Stephen John Walsh is an American football coach and former player. He is a former quarterback in the National Football League (NFL) for the Dallas Cowboys, New Orleans Saints, Chicago Bears, St. Louis Rams, Tampa Bay Buccaneers, and Indianapolis Colts. He played college football at the University of Miami.

Anthony Wright (American football) American football quarterback

Anthony Lavon Wright is a former American football quarterback in the National Football League for the Pittsburgh Steelers, Dallas Cowboys, Baltimore Ravens, Cincinnati Bengals and New York Giants. He played college football at the University of South Carolina.

Gary Keith Hogeboom is an American former football quarterback, real estate developer, and television personality. He played in the National Football League for the Dallas Cowboys, Indianapolis Colts and Phoenix Cardinals. Hogeboom played college football at Central Michigan University. He was a contestant on the CBS reality TV show Survivor: Guatemala.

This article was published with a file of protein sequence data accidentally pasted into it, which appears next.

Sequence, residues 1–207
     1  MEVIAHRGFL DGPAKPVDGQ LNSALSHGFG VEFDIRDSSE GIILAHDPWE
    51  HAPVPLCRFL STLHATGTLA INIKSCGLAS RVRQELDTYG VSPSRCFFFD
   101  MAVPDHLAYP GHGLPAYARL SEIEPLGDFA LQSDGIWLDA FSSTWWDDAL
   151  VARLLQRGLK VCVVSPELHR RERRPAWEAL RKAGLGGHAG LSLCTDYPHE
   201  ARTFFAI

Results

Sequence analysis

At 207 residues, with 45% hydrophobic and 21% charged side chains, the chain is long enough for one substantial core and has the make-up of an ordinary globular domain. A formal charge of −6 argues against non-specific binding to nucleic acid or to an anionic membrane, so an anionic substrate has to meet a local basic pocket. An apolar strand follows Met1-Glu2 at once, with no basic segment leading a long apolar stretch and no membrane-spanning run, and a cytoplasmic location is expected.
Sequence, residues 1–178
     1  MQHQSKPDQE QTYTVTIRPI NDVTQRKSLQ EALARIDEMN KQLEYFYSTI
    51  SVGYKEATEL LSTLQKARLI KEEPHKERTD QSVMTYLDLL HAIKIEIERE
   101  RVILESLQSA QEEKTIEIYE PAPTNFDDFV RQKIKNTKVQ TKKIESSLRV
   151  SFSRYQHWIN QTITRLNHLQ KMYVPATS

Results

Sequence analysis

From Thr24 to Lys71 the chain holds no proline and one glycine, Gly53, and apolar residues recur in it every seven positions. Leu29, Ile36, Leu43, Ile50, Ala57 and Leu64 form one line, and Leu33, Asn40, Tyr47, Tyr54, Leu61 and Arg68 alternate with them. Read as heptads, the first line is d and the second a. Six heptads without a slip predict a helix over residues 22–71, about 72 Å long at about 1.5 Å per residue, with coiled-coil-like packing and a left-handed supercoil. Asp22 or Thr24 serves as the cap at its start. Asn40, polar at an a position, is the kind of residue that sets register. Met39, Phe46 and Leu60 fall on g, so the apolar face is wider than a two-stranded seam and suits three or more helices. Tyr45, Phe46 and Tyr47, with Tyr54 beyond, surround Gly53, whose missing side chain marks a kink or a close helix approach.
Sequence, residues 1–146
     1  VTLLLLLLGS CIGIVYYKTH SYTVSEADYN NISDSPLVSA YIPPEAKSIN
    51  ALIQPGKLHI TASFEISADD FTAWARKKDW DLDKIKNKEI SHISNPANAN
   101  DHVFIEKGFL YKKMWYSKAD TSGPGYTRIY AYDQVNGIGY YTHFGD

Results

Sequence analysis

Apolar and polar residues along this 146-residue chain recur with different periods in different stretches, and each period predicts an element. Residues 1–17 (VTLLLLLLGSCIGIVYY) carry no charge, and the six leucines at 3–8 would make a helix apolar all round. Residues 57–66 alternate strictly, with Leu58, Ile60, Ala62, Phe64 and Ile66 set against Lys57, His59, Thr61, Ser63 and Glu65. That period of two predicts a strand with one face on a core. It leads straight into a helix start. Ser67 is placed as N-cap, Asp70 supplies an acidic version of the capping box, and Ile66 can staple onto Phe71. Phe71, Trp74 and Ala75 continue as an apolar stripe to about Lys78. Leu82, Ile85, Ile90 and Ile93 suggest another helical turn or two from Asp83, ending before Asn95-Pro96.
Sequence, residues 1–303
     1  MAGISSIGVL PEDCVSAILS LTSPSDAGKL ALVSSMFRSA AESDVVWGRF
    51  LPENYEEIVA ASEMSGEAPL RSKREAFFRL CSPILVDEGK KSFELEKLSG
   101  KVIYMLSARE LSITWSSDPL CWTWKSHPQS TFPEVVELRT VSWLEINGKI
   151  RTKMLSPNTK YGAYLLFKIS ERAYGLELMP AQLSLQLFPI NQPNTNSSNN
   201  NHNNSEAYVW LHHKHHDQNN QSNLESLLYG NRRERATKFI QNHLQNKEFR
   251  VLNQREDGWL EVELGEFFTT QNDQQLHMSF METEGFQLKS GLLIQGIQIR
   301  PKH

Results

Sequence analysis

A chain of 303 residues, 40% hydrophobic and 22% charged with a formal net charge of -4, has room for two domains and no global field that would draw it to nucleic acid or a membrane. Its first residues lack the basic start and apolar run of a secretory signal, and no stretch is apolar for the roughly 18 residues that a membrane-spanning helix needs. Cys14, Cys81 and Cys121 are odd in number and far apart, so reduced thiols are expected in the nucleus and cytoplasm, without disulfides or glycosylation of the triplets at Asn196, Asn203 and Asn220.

Drew Pearson (American football) Pro football wide receiver and sportscaster

Drew Pearson is an American former professional football player, who was a wide receiver in the National Football League (NFL) for the Dallas Cowboys. He played college football for the Tulsa Golden Hurricane. He was elected for induction into the Pro Football Hall of Fame in 2021.

Jack Concannon American football player, quarterback

John Joseph "Jack" Concannon Jr. was an American football quarterback in the National Football League (NFL) for the Philadelphia Eagles, Chicago Bears, Dallas Cowboys, Green Bay Packers, and Detroit Lions. He played college football at Boston College.

Paul McDonald (American football)

Paul Brian McDonald is a former American football quarterback in the National Football League (NFL) for the Cleveland Browns and Dallas Cowboys. He played college football at the University of Southern California.

Babe Laufenberg